The top numbers in the graphic are the district labels, the middle numbers are the ideal amount that needs to be cut or added to make it even with Oakland’s other districts, and the bottom numbers are the percent that needs to change. Graphic constructed by and courtesy of Doug Johnson, National Demographics Corporation.

Oaklanders worry redistricting will lead to imbalance during elections

on September 15, 2013

New proposed boundaries between Oakland’s hills and flatlands are near the top of the agenda as Oakland prepares to redraw boundaries of city council and school board districts.

Shifting lines between these two areas could tip the scales at election time because “the hills” typically have greater voter participation and greater involvement in city affairs than “the flats.”

Redistricting is required this year due to a drop in the city’s population, said Doug Johnson, a consultant hired to advise Oakland from the National Demographics Corporation, based in Glendale, CA. Oakland’s population fell by nearly 9,000 people– or about 2.2%– to 390,724 at the time of the 2010 census from 399,484 residents at the time of the 2000 census.

Proposed redistricting maps submitted by community members and the city’s consultant Johnson will go before the City Council’s Rules and Legislation Committee in an open meeting October 3. The full City Council hearing on the plan selection is slated for October 15.

Representatives from the Strategic Planning Division said they are seeking community involvement and striving toward a transparent process.

The City of Oakland has been receiving submitted maps from community members and seeking input through community meetings and outreach from constituents to councilmembers since June.

“The conversation has been so robust and so passionate,” said Devan Reiff, a planner with the Strategic Planning Division. “It’s been really encouraging.”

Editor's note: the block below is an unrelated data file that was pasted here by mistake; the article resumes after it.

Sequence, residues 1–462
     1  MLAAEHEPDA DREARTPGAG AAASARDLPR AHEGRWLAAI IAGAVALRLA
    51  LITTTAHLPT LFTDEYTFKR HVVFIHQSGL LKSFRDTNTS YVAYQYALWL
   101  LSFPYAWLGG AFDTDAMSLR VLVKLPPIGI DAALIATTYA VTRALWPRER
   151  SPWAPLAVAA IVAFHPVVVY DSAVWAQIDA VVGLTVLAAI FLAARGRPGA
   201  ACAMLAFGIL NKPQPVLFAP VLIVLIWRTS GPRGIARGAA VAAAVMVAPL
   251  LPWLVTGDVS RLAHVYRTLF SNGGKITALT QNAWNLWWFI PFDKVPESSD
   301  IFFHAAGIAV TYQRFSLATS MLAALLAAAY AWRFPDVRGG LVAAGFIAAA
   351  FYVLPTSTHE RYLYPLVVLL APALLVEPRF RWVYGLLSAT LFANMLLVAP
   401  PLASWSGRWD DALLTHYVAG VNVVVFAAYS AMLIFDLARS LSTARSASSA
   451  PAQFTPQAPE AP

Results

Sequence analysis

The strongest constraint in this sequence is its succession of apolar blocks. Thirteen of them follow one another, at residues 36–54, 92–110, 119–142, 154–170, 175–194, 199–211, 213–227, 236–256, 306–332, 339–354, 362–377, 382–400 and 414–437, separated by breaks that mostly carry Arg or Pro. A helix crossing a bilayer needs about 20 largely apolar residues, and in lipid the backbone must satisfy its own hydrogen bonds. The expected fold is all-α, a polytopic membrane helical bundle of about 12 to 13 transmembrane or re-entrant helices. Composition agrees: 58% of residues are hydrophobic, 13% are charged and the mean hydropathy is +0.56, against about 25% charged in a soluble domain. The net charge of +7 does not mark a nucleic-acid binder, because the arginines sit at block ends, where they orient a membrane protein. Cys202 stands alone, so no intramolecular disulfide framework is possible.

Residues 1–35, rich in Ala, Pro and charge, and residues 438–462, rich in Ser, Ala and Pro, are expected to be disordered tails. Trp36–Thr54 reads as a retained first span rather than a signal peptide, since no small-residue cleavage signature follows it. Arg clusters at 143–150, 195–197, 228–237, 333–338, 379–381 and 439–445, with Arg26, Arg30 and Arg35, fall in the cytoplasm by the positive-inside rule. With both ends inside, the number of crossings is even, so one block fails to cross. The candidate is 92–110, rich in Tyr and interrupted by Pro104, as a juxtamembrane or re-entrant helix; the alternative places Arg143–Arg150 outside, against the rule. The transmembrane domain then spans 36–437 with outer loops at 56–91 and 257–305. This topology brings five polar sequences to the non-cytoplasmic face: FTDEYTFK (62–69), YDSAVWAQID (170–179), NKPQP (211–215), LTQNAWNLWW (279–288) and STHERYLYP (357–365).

At the last of these initial community meetings on Sunday in District 1, Johnson included the 10 submitted maps and an explanation of the city’s efforts to keep the community involved in the boundary decisions. He stressed that there is no preference given to his maps over that of the community members.

Responding to fears that minority voting power might be eroded, Reiff said planners are following the Voting Rights Act closely.

“Nothing that the city staff would approve, or the City Council would adopt, would reduce minorities’ ability to elect the candidate of their choice,” Reiff said. “We’re here to serve the council and help bring the public to the council and let them decide basically.”

Officials also stressed that redistricting would not affect school attendance, only school board elections.

“It’s really important that some of the legacy of gerrymandered maps really gets looked at with fresh eyes,” said Sharon Cornu, consultant and project coordinator for Oakland Votes Redistricting Coalition.

Cornu referred to areas of Maxell Park, Fruitvale, Chinatown and West Oakland as places that need special attention.

“You’re always going to have some funny pieces to a map like this.  But Oakland needs to take a fresh look at this,” she said.  “I think it will improve voter participation and I think it will improve the quality of services and how people are heard and represented.”

Overall, community members at Sunday’s gathering praised the city for its process and efforts to keep its residents involved in redistricting.

“I think that the city of Oakland needs to start to build trust again,” said Shanina Shumate, a college and career counselor who lives in District 1. “You have to build those relationships, and this is one element of getting people involved, getting people to collaborate with the city and how they want to see the lines restructured. So I think overall, it’s good.”

District 1 City Councilmember Dan Kalb avoided voicing an opinion on the issue of whether redistricting will shift the balance power between the hills and flatlands at election time.

“It’s a very valid theory,” Kalb said at the Sunday meeting in his District 1 area. “I don’t have a hard-and-fast position of what the maps should look like, but I don’t have an objection to that theory.”

District 1 resident Tonya Love echoed his uncertainty.

“As far as the whole flatlands-versus-hills thing, I’m still undecided about that,” Love said.  “It just depends on the councilperson.”

Complications come into play where boundaries are expected to accommodate current councilmembers and school board members in an effort to continue to honor the decisions of voters in the last elections and in the next. The City Council has also pledged to try to keep “communities of interest” intact.  But even that is a term which Johnson admitted lacks concrete definition particularly within the city council.

Image: The top numbers in the graphic are the district labels, the middle numbers are the ideal amount that needs to be cut or added to make it even with Oakland’s other districts, and the bottom numbers are the percent that needs to change. Graphic constructed by and courtesy of Doug Johnson, National Demographics Corporation.

1 Comment

  1. AnonCow on September 16, 2013 at 1:46 pm

    Look at what the current district map has wrought…



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